Even if the Board had jurisdiction to review Presidential actions, it would not effectuate the policies of the Act to exercise this jurisdiction; the lawfulness of the appointment is for the courts to decide.
The National Labor Relations Board has declined a charging party’s invitation to take up a challenge to the lawfulness of President Biden’s appointment of Acting General Counsel Peter Sung Ohr after removing former General Counsel Peter Robb before his term had expired. The Republican-majority Board all agreed that “reviewing the actions of the President is ultimately a task for the federal courts.”
Dismissal and exceptions. In National Association of Broadcast Employees and Technicians, an administrative law judge (ALJ) dismissed allegations that a respondent had violated Section 8(b)(1)(A) of the NLRA by sending overbroad and false or misleading evidence-preservation letters to or through the charging party’s legal counsel. The charging party and then General Counsel Peter Robb separately filed exceptions to the judge’s dismissal.
General Counsel removed and replaced. In the meantime, after President Biden was inaugurated, he quickly removed Peter Robb and several days later installed Peter Ohr as Acting General Counsel. On February 12, the Acting General Counsel filed a motion in this case to withdraw the exceptions that had been filed.
The charging party opposed the motion to withdraw objections, arguing that Robb’s removal was contrary to Section 3(d) of the Act, and that President Biden’s designation of Ohr as Acting General Counsel was thus invalid for this reason and because it violated the Appointments Clause of the Constitution. In response, the Acting General Counsel argued that Robb’s removal was lawful and that Ohr’s designation was valid because the General Counsel is removable at will by the President.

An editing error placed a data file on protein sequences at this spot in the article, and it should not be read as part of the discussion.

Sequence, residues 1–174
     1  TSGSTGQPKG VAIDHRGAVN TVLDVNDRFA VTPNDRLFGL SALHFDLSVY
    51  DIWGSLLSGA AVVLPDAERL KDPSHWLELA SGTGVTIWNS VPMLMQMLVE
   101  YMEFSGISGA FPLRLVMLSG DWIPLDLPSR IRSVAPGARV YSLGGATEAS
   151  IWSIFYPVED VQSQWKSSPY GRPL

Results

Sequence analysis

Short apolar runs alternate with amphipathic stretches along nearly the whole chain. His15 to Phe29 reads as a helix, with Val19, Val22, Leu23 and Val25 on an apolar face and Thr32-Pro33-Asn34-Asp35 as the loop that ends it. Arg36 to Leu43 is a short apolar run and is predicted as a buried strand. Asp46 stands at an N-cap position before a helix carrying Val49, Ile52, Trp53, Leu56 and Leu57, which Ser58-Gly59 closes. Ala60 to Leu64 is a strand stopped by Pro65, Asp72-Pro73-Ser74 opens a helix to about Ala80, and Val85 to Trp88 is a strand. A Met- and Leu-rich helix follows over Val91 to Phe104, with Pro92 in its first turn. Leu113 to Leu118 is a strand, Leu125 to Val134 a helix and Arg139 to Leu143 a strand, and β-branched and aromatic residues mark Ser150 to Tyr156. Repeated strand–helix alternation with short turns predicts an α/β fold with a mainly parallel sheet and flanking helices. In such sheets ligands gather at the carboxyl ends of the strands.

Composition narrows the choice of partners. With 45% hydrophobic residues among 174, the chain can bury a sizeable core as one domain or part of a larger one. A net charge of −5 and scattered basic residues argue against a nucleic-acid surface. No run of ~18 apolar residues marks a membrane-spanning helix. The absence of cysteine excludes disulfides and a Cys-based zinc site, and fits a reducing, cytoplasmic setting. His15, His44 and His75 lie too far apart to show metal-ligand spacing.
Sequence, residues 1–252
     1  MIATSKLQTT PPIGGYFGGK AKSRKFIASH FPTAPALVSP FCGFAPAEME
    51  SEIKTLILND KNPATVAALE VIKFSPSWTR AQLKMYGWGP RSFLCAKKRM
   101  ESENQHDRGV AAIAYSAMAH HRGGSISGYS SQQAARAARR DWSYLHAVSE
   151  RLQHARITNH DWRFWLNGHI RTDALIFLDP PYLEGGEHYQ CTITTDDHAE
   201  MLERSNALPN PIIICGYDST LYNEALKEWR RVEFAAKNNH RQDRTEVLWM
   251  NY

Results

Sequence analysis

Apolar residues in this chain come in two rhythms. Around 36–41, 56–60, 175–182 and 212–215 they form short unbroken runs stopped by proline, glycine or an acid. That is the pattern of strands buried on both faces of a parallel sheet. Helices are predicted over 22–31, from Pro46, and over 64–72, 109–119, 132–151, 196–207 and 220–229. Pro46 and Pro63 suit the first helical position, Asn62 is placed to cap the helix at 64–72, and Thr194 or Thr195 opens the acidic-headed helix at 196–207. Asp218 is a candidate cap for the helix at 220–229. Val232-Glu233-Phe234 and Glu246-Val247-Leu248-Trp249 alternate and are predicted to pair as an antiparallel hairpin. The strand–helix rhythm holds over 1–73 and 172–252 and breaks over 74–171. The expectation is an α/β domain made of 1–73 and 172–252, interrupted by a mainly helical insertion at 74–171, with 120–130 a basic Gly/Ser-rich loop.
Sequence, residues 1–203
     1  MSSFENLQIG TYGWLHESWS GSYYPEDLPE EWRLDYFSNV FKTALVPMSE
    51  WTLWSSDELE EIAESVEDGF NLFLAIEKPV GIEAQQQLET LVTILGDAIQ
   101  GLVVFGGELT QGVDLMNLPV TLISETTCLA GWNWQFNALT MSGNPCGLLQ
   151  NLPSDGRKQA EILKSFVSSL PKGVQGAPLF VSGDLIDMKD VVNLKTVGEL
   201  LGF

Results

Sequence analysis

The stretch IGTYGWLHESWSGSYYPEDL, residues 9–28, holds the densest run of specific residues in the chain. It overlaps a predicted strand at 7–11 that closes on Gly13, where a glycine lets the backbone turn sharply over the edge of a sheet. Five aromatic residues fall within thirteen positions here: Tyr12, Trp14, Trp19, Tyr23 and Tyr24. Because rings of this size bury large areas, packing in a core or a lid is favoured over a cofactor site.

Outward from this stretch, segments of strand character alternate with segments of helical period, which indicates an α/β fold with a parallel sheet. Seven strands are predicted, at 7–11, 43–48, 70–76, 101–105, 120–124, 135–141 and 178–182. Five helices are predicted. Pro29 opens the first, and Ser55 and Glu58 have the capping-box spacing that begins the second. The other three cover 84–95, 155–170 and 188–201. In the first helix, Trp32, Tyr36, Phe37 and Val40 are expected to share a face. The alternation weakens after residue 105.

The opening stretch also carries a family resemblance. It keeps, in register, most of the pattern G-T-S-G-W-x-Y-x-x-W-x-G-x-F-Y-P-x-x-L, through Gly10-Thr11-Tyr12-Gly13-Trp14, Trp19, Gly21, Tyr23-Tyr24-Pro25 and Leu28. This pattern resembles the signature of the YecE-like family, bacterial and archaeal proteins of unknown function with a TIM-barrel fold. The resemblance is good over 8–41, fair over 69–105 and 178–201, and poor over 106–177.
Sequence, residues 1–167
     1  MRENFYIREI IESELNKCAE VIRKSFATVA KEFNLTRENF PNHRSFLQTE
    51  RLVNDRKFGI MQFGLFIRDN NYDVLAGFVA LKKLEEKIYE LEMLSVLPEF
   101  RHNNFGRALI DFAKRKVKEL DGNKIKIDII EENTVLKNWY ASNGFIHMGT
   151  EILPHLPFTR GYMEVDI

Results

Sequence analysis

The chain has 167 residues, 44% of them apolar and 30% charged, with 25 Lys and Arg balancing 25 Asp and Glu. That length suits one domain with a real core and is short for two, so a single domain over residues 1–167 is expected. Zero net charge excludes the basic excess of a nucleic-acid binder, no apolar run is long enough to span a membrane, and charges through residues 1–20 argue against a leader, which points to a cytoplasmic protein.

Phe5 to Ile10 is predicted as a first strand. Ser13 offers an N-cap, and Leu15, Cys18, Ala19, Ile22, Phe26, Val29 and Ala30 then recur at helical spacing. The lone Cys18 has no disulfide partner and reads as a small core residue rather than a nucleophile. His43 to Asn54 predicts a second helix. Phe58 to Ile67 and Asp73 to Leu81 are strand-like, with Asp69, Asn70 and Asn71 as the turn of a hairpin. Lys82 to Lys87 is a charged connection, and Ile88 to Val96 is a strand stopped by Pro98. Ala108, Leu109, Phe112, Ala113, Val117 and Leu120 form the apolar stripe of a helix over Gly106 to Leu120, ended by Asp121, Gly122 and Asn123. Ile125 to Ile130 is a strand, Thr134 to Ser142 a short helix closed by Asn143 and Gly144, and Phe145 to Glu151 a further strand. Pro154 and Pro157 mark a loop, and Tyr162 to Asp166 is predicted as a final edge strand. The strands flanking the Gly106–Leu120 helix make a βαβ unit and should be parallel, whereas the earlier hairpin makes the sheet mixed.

Past considerations of the question. The Board noted that this not the first time that it has been asked to consider a challenge to the validity of a president’s actions with respect to one of the Board’s presidential appointees or designees. In the past, these challenges have been addressed in a variety of ways. Some prior Boards have declined to reach the merits of the challenges, relying on a presumption of regularity, while at least one prior Board member has taken the position that the Board lacks jurisdiction to address such challenges. Other Boards have reached the merits of these challenges, but without detailed analysis.
It’s a job for the federal courts. Here, although current Board Members have different views on the appropriateness of these approaches, “we are all in agreement that reviewing the actions of the President is ultimately a task for the federal courts,” wrote the Board. Further, the NLRB lacks authority to remedy an invalid appointment to the Board, or a designation or appointment to serve as General Counsel, unless it is to halt the operation of the Agency, in part or in whole. “That step is in tension with our official duty to faithfully administer the National Labor Relations Act,” the Board explained. “Thus, we have determined that even assuming, arguendo, that the Board would have jurisdiction to review the actions of the President, it would not effectuate the policies of the Act to exercise this jurisdiction. It is for the courts, not the Board, to make the initial and final determinations on the issues presented here.”
Withdrawal of exceptions granted. As to the General Counsel’s motion, withdrawing his predecessor’s exceptions will not affect the Board’s ability to address the ALJ’s dismissal of the allegations that the respondent violated the Act by sending the records-preservation letters. The charging party has also filed exceptions to the dismissal of these allegations and a supporting brief, which remain pending before the Board. Thus, the Board found it appropriate to grant the Acting General Counsel’s motion to withdraw exceptions to the ALJ decision.
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